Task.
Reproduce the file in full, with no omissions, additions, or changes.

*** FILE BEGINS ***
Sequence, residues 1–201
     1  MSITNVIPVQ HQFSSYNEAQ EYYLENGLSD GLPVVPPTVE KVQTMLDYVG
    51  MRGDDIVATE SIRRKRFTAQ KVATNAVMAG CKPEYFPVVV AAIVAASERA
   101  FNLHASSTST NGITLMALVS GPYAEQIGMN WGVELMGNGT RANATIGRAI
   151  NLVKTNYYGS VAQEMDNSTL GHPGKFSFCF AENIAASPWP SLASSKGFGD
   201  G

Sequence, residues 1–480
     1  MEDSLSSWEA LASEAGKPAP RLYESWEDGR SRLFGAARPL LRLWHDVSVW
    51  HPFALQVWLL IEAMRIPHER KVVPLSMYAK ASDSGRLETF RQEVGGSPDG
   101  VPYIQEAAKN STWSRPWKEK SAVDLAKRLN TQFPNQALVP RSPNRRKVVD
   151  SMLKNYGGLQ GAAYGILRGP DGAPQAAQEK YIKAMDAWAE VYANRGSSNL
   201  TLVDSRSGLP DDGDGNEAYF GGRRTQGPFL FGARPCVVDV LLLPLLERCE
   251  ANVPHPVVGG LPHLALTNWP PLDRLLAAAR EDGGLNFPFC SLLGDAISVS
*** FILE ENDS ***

Sequence, residues 1–201
     1  MSITNVIPVQ HQFSSYNEAQ EYYLENGLSD GLPVVPPTVE KVQTMLDYVG
    51  MRGDDIVATE SIRRKRFTAQ KVATNAVMAG CKPEYFPVVV AAIVAASERA
   101  FNLHASSTST NGITLMALVS GPYAEQIGMN WGVELMGNGT RANATIGRAI
   151  NLVKTNYYGS VAQEMDNSTL GHPGKFSFCF AENIAASPWP SLASSKGFGD
   201  G

Sequence, residues 1–480
     1  MEDSLSSWEA LASEAGKPAP RLYESWEDGR SRLFGAARPL LRLWHDVSVW
    51  HPFALQVWLL IEAMRIPHER KVVPLSMYAK ASDSGRLETF RQEVGGSPDG
   101  VPYIQEAAKN STWSRPWKEK SAVDLAKRLN TQFPNQALVP RSPNRRKVVD
   151  SMLKNYGGLQ GAAYGILRGP DGAPQAAQEK YIKAMDAWAE VYANRGSSNL
   201  TLVDSRSGLP DDGDGNEAYF GGRRTQGPFL FGARPCVVDV LLLPLLERCE
   251  ANVPHPVVGG LPHLALTNWP PLDRLLAAAR EDGGLNFPFC SLLGDAISVS